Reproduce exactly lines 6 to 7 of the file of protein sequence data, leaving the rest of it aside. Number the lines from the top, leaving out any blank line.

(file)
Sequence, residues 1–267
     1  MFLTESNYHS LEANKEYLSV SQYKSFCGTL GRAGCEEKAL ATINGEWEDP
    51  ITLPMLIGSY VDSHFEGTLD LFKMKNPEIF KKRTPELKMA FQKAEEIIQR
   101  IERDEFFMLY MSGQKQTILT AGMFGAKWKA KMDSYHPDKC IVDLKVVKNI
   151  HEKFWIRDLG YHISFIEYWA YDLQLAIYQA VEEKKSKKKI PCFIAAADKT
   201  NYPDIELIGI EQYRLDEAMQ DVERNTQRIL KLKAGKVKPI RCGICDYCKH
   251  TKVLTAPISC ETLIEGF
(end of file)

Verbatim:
   201  NYPDIELIGI EQYRLDEAMQ DVERNTQRIL KLKAGKVKPI RCGICDYCKH
   251  TKVLTAPISC ETLIEGF